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Competition: National Museum of Finland

An international contest has been announced for a major addition to the National Museum of Finland in Helsinki (Deadline: 4 April)

The two-stage competition seeks ‘aesthetically, technically and economically sustainable and feasible’ proposals to extend the historic 1916 complex, which features exhibitions on the history of Finland showing coins, medals, weapons and other archaeological finds.

The project, backed by the State of Finland’s property division Senate Properties, will create a new partially submerged wing capable of hosting touring international exhibitions and conferences, connected to the Finnish National Romantic-style building which is next to Alvar Aalto’s 1971 Finlandia Hall.

National Museum of Finland

National Museum of Finland

Source: Image by Solis Invicti

National Museum of Finland

In its brief, the competition organisers say the new building will allow ‘the production of large and demanding international exhibitions at the National Museum.

‘In addition to exhibitions, modular spaces [should be] suitable for a wide range of cultural, artistic and leisure events, conferences and events. The main building of the National Museum with its terrace is also located in the annexe.’

The National Museum of Finland opened in 1916 one year before the country won its independence from Russia. The building was designed by architects Herman Gesellius, Armas Lindgren, and Eliel Saarinen in a National Romantic style featuring Art Nouveau interiors.

The new annex will increase the museum’s capacity for hosting major exhibitions and allow a larger number of people to use the building at any time. The new facility will feature flexible exhibition spaces capable of hosting installations, performances and conferences; a shop; resturant; toilets; staff area; workshops and dressing room for performers.

Judges include Senate Properties chief operating officer Juha Lemström; the director general of Finland’s Ministry of Education and Culture, Riitta Kaivosoja; City of Helsinki architect Janne Prokkola; and Elina Anttila, director general of the National Museum of Finland. 

Applications may be in Finnish or Swedish and the competition has a €220,000 prize fund.The overall winner will receive a minimum €80,000 prize and teams participating in the second phase will each receive a €12,500 honorarium.

How to apply

Deadline

The deadline for applications is 3pm local time, 4 April

Contact details

Johanna Virsu
Senate Properties
Lintulahdenkatu 5 A
Helsinki
00530
Finland

Tel: +358 407679199
Email: johanna.virsu@senaatti.fi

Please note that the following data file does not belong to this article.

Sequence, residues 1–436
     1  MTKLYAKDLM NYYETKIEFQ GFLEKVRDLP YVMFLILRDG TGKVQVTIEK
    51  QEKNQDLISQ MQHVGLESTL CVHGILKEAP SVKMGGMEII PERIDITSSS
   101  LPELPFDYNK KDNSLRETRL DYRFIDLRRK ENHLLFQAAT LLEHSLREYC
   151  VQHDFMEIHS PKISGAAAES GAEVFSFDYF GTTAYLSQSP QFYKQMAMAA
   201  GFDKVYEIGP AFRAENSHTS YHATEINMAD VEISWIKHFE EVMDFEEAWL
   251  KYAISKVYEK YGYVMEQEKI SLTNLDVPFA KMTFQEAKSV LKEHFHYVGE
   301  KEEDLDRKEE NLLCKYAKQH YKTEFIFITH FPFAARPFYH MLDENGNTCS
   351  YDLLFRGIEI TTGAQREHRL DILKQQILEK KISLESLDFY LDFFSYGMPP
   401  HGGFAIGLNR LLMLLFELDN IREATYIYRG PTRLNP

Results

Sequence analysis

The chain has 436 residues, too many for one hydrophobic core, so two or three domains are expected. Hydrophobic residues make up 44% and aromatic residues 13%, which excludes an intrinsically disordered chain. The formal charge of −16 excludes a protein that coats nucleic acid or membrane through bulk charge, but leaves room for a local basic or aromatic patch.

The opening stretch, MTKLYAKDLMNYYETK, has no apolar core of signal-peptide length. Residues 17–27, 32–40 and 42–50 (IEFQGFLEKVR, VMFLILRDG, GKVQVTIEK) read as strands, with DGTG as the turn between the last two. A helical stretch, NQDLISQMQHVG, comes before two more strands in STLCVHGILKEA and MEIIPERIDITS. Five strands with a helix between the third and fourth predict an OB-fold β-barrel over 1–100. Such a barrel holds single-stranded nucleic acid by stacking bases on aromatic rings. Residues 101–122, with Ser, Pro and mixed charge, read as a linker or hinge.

View the contract notice for more information

Maidstone Museum East Wing case study: Q&A with Hugh Broughton

The director of Hugh Broughton Architects discusses lessons learned extending the Maidstone Museum in Kent, England

How did your project create a landmark addition to Maidstone Museum?

The design of the East Wing reoriented the entrance of Maidstone Museum towards the town centre, making the building more visible to passers by and embedding it in the cultural life of the town. The core of the building is a 1561 Manor house. In 1855 it was acquired by the Town Council, converted to its current use and subsequently extended to provide space for new galleries and stores. The design of the East Wing combines new building and refurbishment and responds to the multi layered history, proportions and context of the existing building.

Maidstone Museum East Wing by Hugh Broughton Architects

Maidstone Museum East Wing by Hugh Broughton Architects

Source: Image by Hufton+Crow

Maidstone Museum East Wing by Hugh Broughton Architects

Which architectural, material, visual and other methods did you harness in your design?

Through manipulation of levels, three floors have been added to the service wing where elsewhere there are two, helping to conceal plant rooms and toilets. A light filled entrance leads to the shop, education spaces and an orientation gallery. At first floor a glazed room provides views onto neighbouring gardens. A gallery lit by north lights provides a home for the Museum’s exquisite Japanese Collection. The extensions are clad in handmade gold copper alloy shingles and structural glazing, providing a crafted, contemporary counterpoise to the older parts of the building. The sustainability strategy combines passive and active measures to reduce energy costs and carbon production whilst maintaining ideal environmental conditions for display of fine art.

Maidstone Museum East Wing by Hugh Broughton Architects

Maidstone Museum East Wing by Hugh Broughton Architects

Source: Image by Hufton+Crow

Maidstone Museum East Wing by Hugh Broughton Architects

What advice would you give to contest participants on extending the Finnish National Museum?

Extending historic buildings, which lie at the centre of a town’s cultural life, requires care and sensitivity. It is important to take time to understand the host building and let it speak to you. In this way additions can reinforce the forms, materials and proportions of the original building, contributing a new layer of history. Simultaneously the building must provide the best possible conditions for the display and conservation of the collections, harnessing natural light and providing easy visitor flow from space to space. It’s the ultimate form of knitting – linking old and new together in a harmonious whole, which unlocks the past to create a vibrant future.

Maidstone Museum East Wing by Hugh Broughton Architects